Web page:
This article is within the scope of the WikiProject Japan, a collaborative effort to improve the coverage of Japan-related articles on Wikipedia. If you would like to participate, please visit the project page, where you can join the project and see a list of open tasks. Current time in Japan: 23:10, August 30, 2014 (JST, Heisei 26) (Refresh)
To fill out this checklist, please add the following to the template call: | B1 <!-- Referencing and citations --> = y/n | B2 <!-- Coverage and accuracy --> = y/n | B3 <!-- Structure --> = y/n | B4 <!-- Grammar and style --> = y/n | B5 <!-- Supporting materials --> = y/n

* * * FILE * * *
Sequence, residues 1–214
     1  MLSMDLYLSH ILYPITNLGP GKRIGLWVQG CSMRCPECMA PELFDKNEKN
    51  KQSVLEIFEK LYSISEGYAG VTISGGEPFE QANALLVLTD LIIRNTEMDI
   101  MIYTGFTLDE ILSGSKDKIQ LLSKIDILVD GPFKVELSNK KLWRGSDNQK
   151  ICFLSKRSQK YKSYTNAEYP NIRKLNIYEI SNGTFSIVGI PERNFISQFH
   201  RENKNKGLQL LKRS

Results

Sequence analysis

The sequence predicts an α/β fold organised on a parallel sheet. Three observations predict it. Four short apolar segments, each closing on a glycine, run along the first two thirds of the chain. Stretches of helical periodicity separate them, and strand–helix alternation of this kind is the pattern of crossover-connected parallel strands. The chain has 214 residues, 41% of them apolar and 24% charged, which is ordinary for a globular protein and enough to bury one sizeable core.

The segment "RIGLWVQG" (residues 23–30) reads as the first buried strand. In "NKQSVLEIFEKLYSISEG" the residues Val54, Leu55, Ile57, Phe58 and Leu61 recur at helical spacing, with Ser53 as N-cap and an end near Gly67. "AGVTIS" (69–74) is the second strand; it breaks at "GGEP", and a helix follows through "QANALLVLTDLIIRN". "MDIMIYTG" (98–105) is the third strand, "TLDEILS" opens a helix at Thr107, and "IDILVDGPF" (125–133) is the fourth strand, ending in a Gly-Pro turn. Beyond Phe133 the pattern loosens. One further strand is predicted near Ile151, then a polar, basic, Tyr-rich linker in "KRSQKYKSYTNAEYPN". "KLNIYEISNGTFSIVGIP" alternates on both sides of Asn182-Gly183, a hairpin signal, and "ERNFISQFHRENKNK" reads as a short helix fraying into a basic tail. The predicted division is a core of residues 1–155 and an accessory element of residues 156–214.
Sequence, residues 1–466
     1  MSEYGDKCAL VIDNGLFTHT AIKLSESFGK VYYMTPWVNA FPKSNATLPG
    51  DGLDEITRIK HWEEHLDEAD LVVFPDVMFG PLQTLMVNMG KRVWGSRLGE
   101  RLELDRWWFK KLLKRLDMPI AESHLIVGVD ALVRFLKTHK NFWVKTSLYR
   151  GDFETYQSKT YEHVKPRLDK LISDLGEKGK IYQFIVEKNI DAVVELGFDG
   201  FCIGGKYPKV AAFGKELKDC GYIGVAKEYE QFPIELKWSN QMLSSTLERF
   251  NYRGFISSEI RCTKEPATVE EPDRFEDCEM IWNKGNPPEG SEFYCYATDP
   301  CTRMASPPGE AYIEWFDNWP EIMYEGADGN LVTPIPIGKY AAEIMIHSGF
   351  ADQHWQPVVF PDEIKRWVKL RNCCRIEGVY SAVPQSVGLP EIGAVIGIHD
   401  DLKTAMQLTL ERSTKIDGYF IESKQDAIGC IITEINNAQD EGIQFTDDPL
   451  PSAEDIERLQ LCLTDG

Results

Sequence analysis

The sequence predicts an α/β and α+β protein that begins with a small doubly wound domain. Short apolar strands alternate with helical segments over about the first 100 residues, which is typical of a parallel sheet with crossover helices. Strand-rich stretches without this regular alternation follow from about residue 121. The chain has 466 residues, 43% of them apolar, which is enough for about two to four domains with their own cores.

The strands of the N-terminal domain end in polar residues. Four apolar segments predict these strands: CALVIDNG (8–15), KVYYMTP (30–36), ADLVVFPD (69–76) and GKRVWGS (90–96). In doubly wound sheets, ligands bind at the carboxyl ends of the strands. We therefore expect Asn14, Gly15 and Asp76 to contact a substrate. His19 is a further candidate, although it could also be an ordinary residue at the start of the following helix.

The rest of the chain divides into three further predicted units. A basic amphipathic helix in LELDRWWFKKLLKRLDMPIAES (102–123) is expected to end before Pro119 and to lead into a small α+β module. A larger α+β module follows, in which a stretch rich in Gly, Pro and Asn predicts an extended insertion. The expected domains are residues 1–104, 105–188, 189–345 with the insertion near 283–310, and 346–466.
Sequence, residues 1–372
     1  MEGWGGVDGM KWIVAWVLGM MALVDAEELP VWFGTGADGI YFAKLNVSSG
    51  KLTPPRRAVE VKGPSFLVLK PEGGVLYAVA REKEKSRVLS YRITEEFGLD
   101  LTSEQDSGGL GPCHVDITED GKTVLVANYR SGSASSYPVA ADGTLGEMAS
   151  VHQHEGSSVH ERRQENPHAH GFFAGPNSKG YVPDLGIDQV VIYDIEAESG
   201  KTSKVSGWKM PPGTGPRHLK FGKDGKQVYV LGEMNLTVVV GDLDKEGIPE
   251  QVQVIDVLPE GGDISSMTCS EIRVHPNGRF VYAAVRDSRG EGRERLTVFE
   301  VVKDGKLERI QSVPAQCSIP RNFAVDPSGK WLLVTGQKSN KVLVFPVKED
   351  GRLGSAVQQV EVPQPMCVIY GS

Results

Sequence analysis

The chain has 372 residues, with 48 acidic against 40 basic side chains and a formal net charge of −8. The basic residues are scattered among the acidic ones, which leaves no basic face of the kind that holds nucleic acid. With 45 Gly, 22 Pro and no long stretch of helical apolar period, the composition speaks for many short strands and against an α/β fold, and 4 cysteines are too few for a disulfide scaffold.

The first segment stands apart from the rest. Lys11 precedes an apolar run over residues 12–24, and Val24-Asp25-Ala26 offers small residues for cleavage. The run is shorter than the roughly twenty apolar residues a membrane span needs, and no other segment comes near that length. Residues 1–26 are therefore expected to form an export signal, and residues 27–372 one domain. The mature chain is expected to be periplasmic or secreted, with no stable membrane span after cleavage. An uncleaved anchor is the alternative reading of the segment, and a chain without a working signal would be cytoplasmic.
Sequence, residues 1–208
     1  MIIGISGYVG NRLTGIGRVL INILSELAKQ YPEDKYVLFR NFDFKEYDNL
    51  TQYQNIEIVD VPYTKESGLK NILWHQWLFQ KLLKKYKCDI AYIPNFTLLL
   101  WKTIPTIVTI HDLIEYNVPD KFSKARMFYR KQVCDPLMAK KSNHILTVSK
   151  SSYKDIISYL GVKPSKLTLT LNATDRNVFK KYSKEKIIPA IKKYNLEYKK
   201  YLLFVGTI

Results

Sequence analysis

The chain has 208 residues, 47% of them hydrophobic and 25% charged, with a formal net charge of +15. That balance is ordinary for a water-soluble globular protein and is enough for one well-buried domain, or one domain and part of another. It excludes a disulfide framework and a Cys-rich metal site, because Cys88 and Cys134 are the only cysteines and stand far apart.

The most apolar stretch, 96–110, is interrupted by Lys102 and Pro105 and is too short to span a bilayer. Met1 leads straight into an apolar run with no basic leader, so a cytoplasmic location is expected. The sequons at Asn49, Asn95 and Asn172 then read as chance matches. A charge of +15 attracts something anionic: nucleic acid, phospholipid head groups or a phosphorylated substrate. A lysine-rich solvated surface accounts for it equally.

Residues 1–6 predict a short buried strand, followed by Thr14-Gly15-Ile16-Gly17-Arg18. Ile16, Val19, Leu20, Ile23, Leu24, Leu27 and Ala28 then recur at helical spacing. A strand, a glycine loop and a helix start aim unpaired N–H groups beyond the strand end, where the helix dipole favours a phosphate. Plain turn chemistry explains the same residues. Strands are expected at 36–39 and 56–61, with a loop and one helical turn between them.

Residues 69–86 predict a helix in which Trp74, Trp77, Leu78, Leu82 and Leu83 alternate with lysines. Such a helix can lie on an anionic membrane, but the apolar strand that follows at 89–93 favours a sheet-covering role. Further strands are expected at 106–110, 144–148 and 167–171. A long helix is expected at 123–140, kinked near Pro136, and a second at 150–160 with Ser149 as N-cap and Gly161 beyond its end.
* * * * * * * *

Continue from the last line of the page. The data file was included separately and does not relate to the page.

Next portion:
This article is within the scope of WikiProject Politics, a collaborative effort to improve the coverage of politics on Wikipedia. If you would like to participate, please visit the project page, where you can join the discussion and see a list of open tasks.
In the past, Japanese and Western social scientists claimed that Japanese fascism existed. However, present-day scholars like George M. Wilson and Gregory J. Kasza, argue that the concept of Japanese fascism is mistaken. For example, Kasza emphasized that Japaneses did not stress loyalty to a single leader or to a single party.
Those authors are welcome to their opinions, but most historians today continue, as has been the standard for a long time, to regard the Japanese Empire of the 1931-1945 period as fascist. You will find many sources for this, and modern-day revisionism does not make the other authors wrong. You can state that such and such authority does not consider him a fascist, but the other cites must stand.HammerFilmFan (talk) 14:29, 25 February 2013 (UTC)